• Shelf life – Target 30-year media lifespans based on use case.

The latest LTO-9 and LTO-8 standards provide excellent capacity and speed. Avoid “orphan” formats that may have support discontinued unless you can tolerate the risks. Also factor in compression and deduplication to maximize effective capacity.

Tape library infrastructure considerations

The infrastructure housing and managing tape drives is also critical for reliability and ease of use. Some tape library factors include:

  • Scalability – Select libraries that can grow with data volumes.
  • Density – Libraries with mail slots or higher slots/sq. ft. save space.
  • Automation – Robotics speed media handling and reduce human intervention.
  • Redundancy – Dual robots and access ports provide fault tolerance.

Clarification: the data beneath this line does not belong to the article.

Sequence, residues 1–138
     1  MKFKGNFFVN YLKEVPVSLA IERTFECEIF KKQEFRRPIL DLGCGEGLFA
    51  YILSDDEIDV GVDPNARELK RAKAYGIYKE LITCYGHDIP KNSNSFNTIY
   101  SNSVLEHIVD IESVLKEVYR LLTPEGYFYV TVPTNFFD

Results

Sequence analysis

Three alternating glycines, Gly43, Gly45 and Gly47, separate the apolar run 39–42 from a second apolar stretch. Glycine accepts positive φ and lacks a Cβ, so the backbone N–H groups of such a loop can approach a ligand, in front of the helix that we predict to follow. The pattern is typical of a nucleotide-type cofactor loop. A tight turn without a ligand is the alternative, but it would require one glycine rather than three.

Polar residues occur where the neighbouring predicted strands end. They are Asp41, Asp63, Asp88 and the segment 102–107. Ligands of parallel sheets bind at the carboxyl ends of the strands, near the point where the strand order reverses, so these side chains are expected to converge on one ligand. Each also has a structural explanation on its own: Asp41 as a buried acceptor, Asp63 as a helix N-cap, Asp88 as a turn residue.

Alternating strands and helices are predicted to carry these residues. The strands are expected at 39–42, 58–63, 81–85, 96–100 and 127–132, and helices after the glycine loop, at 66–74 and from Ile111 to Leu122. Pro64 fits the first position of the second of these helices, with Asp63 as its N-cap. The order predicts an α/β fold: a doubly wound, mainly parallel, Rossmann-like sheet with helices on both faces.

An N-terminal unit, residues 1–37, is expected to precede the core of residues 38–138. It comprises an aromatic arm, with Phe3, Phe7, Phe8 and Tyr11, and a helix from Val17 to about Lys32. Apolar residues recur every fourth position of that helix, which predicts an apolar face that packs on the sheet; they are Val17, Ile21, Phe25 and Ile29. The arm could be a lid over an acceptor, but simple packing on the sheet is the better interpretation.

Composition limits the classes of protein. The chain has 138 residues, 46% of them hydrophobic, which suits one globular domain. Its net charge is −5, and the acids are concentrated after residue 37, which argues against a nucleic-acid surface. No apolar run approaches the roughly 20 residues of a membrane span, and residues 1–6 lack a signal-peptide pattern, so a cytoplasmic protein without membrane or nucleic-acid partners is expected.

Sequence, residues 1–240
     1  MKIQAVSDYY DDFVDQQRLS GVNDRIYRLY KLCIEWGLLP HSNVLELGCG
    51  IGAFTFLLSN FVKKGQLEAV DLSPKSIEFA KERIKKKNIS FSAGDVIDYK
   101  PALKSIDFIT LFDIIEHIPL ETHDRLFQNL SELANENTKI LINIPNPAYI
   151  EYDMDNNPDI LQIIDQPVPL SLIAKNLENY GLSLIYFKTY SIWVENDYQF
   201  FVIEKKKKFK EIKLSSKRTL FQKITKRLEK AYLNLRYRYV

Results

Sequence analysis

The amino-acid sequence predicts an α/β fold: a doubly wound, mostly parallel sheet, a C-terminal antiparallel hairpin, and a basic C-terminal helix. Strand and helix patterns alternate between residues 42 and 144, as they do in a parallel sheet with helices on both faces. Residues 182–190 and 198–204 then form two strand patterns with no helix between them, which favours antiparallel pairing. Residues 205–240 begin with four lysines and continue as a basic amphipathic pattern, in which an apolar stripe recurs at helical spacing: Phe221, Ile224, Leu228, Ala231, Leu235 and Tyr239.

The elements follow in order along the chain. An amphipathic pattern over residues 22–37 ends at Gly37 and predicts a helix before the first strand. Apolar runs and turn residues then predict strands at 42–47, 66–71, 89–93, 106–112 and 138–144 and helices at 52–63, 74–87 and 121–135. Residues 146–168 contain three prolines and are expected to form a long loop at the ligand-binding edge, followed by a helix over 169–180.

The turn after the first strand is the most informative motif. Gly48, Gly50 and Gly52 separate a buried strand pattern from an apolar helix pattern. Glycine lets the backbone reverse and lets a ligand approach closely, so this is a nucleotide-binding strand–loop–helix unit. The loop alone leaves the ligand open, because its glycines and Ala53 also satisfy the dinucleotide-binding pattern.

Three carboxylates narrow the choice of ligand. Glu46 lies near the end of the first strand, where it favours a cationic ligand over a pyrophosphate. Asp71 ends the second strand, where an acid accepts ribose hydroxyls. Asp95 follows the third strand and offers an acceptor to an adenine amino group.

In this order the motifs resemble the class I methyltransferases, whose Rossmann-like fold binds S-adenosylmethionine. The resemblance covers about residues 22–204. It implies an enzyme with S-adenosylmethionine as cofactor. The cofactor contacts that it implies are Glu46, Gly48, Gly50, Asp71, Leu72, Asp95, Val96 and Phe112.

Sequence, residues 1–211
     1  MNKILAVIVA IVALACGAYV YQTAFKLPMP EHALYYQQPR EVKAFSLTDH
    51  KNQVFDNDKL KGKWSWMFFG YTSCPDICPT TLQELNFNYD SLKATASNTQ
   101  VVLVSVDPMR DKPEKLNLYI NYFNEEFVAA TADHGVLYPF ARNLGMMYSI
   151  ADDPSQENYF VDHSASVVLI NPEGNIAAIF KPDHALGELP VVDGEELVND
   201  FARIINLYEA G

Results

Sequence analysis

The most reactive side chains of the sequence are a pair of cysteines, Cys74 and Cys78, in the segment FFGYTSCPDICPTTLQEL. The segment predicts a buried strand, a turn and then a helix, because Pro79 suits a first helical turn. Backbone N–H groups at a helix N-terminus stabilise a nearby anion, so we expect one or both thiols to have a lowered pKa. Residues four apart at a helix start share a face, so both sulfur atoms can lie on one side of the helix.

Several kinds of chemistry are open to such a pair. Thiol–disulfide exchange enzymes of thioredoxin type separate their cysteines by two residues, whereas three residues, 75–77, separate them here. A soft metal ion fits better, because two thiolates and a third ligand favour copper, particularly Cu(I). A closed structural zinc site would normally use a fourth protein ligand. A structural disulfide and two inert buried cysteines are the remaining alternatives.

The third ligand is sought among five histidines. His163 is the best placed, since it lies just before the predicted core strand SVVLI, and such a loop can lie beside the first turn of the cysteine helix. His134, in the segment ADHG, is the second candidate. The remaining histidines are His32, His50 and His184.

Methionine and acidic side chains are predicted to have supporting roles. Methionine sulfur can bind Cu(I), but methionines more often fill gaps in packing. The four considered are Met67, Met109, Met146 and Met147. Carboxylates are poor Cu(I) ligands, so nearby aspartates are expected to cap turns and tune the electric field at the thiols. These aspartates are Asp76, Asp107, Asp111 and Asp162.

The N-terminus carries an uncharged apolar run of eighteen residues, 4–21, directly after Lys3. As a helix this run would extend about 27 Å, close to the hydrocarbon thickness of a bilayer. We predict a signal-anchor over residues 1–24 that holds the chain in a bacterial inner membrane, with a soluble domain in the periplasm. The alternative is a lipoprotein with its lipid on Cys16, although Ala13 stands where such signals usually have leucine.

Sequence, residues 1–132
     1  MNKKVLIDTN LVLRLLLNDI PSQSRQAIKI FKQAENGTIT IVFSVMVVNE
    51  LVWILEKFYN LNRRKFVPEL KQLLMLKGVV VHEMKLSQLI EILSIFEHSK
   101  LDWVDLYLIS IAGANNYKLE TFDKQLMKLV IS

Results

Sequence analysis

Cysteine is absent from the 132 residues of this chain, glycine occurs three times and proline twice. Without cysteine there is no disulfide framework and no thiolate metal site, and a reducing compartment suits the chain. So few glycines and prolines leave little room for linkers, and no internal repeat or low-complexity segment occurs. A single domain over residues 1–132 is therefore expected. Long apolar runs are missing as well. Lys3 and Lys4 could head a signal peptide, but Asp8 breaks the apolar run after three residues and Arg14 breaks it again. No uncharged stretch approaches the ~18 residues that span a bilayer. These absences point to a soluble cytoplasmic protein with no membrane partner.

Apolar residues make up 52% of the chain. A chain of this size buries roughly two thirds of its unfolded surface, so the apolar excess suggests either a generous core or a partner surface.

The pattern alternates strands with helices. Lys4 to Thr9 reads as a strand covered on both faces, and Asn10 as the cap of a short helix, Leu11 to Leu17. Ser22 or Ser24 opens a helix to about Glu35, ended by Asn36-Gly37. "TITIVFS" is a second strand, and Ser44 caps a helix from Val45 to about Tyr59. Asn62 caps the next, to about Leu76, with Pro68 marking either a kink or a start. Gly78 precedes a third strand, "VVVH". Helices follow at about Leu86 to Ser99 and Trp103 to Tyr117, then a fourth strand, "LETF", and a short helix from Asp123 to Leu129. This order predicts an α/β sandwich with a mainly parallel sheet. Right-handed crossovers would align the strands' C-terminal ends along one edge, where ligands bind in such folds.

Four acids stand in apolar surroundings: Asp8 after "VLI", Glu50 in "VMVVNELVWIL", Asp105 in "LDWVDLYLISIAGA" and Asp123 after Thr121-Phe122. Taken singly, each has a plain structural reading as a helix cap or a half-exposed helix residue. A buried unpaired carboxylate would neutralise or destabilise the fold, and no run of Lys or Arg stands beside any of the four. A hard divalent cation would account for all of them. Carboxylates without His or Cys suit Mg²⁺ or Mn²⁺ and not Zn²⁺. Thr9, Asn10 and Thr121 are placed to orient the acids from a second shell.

• Management – Libraries should integrate with backup software.
  • Security – Restrict physical and network access to tapes.

Enterprise tape libraries from vendors like Oracle, Spectra Logic, IBM, Dell, and Quantum offer excellent capacity, density, and automation. Parameterize library operations and alerts to simplify administration.

Developing effective backup policies

Well-defined backup policies are essential for consistent, reliable operations. Backup policies should cover:

  • Backup schedule and retention periods.
  • Mix of daily, weekly, monthly, and annual backups.
  • Data being protected and backup scope.